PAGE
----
Toronto-based startup Flybits, a company incubated at Ryerson University’s Digital Media Zone (DMZ), has teamed up with the City of Ottawa to launch an impressive navigation app. It can tell drivers and pedestrians relevant real-time information about construction, collisions, speed limit notifications in construction and school zones, and more.
The Ottawa Nav application maps the city into zones, associating contextual data with every location. As commuters move throughout the city, they receive useful and relevant information in real time based on their location and travel preferences.
Flybits CEO Dr. Hossein Rahnama called the City of Ottawa a “pioneer in the discovery and actualization of a smarter, more connected city.”
“Ottawa is the first city in the world to deploy a context-aware computing strategy,” he said. “The system senses and interprets contextual parameters—such as location, day, time, mobile and personal preferences—surrounding each individual user, delivering relevant and customized services to make the most out of their mobile experience. Ottawa Nav is launching with a focus on intelligent traffic solutions, but the same framework can be used to disseminate all useful information pertaining to Ottawa.”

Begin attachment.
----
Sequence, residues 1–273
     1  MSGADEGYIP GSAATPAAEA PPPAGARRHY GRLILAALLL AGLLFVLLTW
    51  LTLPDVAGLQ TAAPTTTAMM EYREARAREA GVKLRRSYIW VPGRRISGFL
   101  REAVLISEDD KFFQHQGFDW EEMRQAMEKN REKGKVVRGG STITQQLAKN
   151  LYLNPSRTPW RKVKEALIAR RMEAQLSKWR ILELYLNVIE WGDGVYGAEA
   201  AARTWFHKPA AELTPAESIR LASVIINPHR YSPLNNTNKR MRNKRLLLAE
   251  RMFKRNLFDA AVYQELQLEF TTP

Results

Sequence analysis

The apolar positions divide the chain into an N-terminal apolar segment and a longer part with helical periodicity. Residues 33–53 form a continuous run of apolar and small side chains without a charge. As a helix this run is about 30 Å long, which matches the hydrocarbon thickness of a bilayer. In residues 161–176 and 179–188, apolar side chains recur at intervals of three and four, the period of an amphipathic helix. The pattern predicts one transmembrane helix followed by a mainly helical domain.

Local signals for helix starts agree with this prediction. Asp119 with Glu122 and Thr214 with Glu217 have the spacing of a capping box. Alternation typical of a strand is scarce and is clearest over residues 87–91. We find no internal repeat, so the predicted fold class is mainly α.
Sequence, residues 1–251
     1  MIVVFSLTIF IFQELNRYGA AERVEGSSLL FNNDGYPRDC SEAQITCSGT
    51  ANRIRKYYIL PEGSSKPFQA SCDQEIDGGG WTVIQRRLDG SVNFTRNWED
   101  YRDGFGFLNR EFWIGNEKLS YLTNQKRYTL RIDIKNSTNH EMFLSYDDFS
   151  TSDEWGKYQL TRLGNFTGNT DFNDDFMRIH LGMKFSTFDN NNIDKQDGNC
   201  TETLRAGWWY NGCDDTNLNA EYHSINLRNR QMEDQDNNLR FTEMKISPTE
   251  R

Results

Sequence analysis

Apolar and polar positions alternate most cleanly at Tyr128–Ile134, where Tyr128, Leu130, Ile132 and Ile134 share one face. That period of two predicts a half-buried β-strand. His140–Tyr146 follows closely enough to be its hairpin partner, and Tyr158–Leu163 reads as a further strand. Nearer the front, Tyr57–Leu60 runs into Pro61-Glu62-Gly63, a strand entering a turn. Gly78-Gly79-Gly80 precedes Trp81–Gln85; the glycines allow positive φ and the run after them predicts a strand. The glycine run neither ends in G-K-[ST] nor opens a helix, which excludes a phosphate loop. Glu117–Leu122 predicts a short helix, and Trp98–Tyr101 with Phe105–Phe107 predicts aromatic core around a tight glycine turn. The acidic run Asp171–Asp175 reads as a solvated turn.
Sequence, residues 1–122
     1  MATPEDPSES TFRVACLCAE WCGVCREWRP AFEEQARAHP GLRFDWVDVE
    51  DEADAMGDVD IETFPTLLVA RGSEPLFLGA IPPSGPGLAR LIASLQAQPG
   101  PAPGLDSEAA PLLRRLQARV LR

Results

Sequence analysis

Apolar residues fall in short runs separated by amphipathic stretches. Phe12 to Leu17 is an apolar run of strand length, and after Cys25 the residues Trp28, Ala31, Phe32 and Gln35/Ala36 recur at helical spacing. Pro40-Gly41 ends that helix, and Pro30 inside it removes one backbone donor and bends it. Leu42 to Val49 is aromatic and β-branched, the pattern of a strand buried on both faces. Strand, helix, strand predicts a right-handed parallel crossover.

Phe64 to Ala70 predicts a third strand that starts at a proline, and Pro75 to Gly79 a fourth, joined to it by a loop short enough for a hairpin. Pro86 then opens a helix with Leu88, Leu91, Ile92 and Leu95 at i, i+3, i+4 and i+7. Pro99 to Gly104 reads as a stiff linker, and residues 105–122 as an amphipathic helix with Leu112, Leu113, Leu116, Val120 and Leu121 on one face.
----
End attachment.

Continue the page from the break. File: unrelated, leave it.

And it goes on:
Rahnama is a Ryerson professor who founded Flybits with his students. Since it launched two years ago, it’s already gone international, said Ryerson president Sheldon Levy. “Flybits is helping communities adopt technology that dramatically improves the quality of life,” he added.
I immediately questioned why such an app is in Ottawa at all. Shouldn’t it be made for the driver’s purgatory, known as Toronto? Well, Recently Flybits and Ryerson worked with the Ontario Ministry of Transportation to create a smart internal communications system for optimizing workforce efficiency. Not only that, but in 2011 Flybits and Ryerson University developed the context-aware GO Mobile app for GO Transit, the largest transit entity in Canada. The Go Mobile app has now been downloaded by more than 500,000 passengers.
The app’s functionality differs depending on whether the user is a driver or a passenger. For drivers, the mobile app delivers relevant audible instructions to inform users of events occurring in their area of travel, including construction projects, collisions and other unplanned incidents. Ottawa Nav will also provide speed limit notifications in construction and school zones. While in passenger mode, users can tap into the City and Ministry of Transportation of Ontario’s traffic cameras to access live feeds from the traffic situation within and near their immediate location.